I’m going to say something that’s probably not going to blow your mind: The Music industry is tough. With the giant Entrepreneurial boom there are a lot more people taking initiative and pursuing their dreams, most of them doing it alone. It’s not like before where you needed a manager, agent, etc – people are doing things completely on their own – which is amazing.
As a result, however, many musicians who don’t have a business background are struggling to make ends meet. Because I have an incredibly strong business background, I structured my career from the very beginning to make a living off my music. Hopefully this post helps you out to make a full-time income from your music so you can officially live the dream!
Starting it off, I make money from DJing and clubs, events and venues. One big point I want to make here is this: Until you’re super famous, no gig is ever too small for you. You never know what tiny gig can blow you up – this was even documented by Derek Sivers, founder of CD Baby. In the beginning I DJ’ed everything from house parties (where they just gave me alcohol as payment) to weddings to sweet sixteen birthday parties. I made a ton of connections from these events, and those help put me on the right path.
Next, I make money from people buying the music that I make. If you haven’t yet, make sure you sign up with an independent music distributor like DistroKid to put your music on every platform imaginable. Check out my review of DistroKid, as I’ve personally used them for years and love it. Side Note: Sign Up With My Special Link and Get a 7% Discount! – DistroKid Link.
You want your music to be in as many places as possible from iTunes to Amazon to Google Play to Rdio and more. People listen to music in numerous different ways, and if they really like you, they’ll want to support you by buying your tracks.
What’s really interesting, in this day and age, is that I actually make more money from my streams than downloads. Depending upon the platform, 10 streams roughly equals one download in terms of income, and more people are likely to stream for free than purchase. Obviously you want your music to be everywhere, from streaming platforms to purchasing platforms.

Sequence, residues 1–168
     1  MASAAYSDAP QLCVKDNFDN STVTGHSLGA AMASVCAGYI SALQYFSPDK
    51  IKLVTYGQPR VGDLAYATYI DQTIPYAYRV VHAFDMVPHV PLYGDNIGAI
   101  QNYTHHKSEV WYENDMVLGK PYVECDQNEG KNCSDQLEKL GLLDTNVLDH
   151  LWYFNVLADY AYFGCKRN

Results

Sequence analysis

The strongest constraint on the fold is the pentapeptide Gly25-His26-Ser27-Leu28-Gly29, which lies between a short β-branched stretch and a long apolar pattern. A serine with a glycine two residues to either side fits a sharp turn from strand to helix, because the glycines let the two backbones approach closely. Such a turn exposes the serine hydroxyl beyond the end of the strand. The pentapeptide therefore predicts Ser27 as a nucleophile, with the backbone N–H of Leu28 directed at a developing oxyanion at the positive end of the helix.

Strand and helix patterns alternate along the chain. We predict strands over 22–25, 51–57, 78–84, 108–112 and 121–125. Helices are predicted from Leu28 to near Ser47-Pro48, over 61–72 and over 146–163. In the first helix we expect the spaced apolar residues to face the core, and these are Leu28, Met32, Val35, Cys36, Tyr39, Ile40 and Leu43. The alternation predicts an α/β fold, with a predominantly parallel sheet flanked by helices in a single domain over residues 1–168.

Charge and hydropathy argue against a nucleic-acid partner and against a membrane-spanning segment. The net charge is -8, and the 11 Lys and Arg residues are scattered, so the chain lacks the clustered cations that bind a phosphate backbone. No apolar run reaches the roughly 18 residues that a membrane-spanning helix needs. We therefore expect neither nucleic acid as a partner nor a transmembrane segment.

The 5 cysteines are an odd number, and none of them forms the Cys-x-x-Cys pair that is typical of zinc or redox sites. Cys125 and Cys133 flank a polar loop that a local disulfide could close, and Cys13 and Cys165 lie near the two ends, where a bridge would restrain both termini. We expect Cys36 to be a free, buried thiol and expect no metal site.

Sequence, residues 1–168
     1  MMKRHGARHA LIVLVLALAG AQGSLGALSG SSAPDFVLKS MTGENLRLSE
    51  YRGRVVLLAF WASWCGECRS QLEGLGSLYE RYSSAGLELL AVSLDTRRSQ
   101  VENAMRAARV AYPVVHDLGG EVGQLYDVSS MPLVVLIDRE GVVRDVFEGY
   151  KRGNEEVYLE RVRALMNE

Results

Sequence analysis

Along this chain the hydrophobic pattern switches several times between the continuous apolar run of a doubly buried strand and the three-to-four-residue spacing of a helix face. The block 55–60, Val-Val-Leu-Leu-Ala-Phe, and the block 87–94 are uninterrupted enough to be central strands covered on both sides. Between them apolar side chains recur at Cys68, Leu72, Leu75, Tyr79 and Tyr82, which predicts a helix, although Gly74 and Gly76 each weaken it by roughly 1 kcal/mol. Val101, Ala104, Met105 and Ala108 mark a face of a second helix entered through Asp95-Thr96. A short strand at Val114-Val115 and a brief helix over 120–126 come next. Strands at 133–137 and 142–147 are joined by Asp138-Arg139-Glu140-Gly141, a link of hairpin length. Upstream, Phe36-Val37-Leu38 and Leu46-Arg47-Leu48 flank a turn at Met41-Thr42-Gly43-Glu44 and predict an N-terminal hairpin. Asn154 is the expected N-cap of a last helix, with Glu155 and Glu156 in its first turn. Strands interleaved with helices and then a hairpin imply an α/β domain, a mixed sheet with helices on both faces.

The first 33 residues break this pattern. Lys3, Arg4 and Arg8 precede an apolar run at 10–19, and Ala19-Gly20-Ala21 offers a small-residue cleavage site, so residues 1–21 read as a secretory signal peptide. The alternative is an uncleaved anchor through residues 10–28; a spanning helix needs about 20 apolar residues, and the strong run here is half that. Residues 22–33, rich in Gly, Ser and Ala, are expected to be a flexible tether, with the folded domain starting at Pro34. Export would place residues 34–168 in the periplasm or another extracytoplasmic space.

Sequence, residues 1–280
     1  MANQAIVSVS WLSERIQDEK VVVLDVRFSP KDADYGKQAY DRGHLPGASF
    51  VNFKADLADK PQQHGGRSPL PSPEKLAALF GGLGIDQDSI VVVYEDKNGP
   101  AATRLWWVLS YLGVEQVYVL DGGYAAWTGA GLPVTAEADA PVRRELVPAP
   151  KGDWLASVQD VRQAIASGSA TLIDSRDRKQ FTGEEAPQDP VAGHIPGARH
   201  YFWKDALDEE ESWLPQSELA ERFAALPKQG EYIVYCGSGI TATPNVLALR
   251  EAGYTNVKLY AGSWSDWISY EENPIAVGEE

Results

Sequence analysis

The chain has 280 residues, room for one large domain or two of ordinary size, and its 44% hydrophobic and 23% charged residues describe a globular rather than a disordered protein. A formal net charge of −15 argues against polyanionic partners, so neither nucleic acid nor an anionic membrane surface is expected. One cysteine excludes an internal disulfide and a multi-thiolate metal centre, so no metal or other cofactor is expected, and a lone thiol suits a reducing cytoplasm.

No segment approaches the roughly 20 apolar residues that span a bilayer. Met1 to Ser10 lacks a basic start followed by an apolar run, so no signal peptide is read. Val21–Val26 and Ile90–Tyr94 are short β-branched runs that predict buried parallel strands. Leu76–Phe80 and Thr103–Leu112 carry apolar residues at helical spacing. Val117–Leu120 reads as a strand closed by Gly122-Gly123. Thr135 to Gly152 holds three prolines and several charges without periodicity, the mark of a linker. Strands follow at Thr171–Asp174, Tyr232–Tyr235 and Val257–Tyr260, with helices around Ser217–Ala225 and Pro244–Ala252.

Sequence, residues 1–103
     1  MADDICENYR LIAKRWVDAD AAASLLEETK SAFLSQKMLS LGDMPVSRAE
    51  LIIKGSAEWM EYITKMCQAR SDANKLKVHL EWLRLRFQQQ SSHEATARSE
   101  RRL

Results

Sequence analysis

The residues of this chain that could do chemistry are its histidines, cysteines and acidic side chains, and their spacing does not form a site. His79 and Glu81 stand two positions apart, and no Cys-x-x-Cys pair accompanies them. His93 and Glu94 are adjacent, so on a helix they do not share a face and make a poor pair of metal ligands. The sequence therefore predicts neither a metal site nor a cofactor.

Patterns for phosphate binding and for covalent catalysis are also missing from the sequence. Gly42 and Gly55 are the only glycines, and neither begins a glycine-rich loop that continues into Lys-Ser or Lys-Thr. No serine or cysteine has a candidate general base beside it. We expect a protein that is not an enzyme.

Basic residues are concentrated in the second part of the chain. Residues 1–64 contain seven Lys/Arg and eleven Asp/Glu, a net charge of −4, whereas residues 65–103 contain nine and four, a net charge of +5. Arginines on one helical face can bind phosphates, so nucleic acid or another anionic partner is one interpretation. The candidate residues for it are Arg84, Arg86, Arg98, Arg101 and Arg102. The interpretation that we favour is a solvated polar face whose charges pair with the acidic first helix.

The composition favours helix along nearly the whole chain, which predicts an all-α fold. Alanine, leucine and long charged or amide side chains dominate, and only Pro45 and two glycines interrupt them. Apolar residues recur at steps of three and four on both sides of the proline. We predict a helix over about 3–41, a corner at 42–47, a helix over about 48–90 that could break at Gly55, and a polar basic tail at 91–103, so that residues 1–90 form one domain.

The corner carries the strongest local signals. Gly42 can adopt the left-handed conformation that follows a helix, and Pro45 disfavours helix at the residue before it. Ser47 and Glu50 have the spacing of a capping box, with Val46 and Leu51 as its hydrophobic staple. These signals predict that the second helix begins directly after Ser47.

I’ve seen the streaming industry get a lot of negativity but it’s getting better everyday. Not only that, streaming platforms are smart about how people can discover your music (like Pandora), so the marketing behind them can be invaluable.
4. YouTube & Blog Ads
This is somewhat related to Streaming yet different at the same time. On my YouTube Channel I upload every track I release with a music spectrum that dances to the track. Not only does this help promote my music on another avenue, but I also make money from the ads on that video. In addition, when you connect your music with YouTube, you’ll make ad revenue off every video that has your music in it (which is awesome).
In addition, when people listen to my music on my blog, I make money because I have ads on the side. Remember that when someone listens to your music you’re capturing their attention, which is why you can make some decent money off ads that people will see before they listen to your tracks.
5. Licensing & Royalties
Last but definitely not least, licensing deals. If someone wants to use my music in a commercial project (TV commercial, movie, promo video, etc), then I’ll either get paid a one-time fee or royalty deal (sometimes both). These are pretty awesome, because you already produced/wrote the track – now you just have to authorize them to use it.
In addition, if my song plays in a public setting (radio, sports arena, etc), then I’ll get royalties from that too. Make sure you sign up with the given PROs (performance rights organizations) in your country to ensure that you get paid when that happens.
What you’ll notice overall about all these methods is that while some of them don’t pay a ton, the conglomerate of everything can really add up. Especially when you factor in that these revenue streams are all passive (except performing), it can be an awesome way to make a good living. The key is to be the hardest worker in the room, constantly improve your musical craft, and enjoy the journey.